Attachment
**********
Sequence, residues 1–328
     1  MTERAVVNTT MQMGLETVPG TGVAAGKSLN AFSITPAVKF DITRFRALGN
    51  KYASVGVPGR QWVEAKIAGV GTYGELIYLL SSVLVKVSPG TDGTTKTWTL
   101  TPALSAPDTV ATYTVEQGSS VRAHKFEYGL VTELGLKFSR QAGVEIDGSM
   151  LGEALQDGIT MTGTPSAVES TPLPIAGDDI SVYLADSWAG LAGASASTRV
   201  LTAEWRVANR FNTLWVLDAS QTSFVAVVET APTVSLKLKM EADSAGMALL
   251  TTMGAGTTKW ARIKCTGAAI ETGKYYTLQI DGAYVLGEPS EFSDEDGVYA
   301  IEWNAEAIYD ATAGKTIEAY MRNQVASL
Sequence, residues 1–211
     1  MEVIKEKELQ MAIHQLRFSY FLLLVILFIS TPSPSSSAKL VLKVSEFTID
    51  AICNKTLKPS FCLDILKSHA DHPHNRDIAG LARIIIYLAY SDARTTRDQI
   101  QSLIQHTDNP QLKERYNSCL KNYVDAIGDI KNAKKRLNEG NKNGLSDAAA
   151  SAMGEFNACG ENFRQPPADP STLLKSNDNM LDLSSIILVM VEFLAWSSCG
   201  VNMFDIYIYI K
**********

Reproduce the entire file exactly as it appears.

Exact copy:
Sequence, residues 1–328
     1  MTERAVVNTT MQMGLETVPG TGVAAGKSLN AFSITPAVKF DITRFRALGN
    51  KYASVGVPGR QWVEAKIAGV GTYGELIYLL SSVLVKVSPG TDGTTKTWTL
   101  TPALSAPDTV ATYTVEQGSS VRAHKFEYGL VTELGLKFSR QAGVEIDGSM
   151  LGEALQDGIT MTGTPSAVES TPLPIAGDDI SVYLADSWAG LAGASASTRV
   201  LTAEWRVANR FNTLWVLDAS QTSFVAVVET APTVSLKLKM EADSAGMALL
   251  TTMGAGTTKW ARIKCTGAAI ETGKYYTLQI DGAYVLGEPS EFSDEDGVYA
   301  IEWNAEAIYD ATAGKTIEAY MRNQVASL
Sequence, residues 1–211
     1  MEVIKEKELQ MAIHQLRFSY FLLLVILFIS TPSPSSSAKL VLKVSEFTID
    51  AICNKTLKPS FCLDILKSHA DHPHNRDIAG LARIIIYLAY SDARTTRDQI
   101  QSLIQHTDNP QLKERYNSCL KNYVDAIGDI KNAKKRLNEG NKNGLSDAAA
   151  SAMGEFNACG ENFRQPPADP STLLKSNDNM LDLSSIILVM VEFLAWSSCG
   201  VNMFDIYIYI K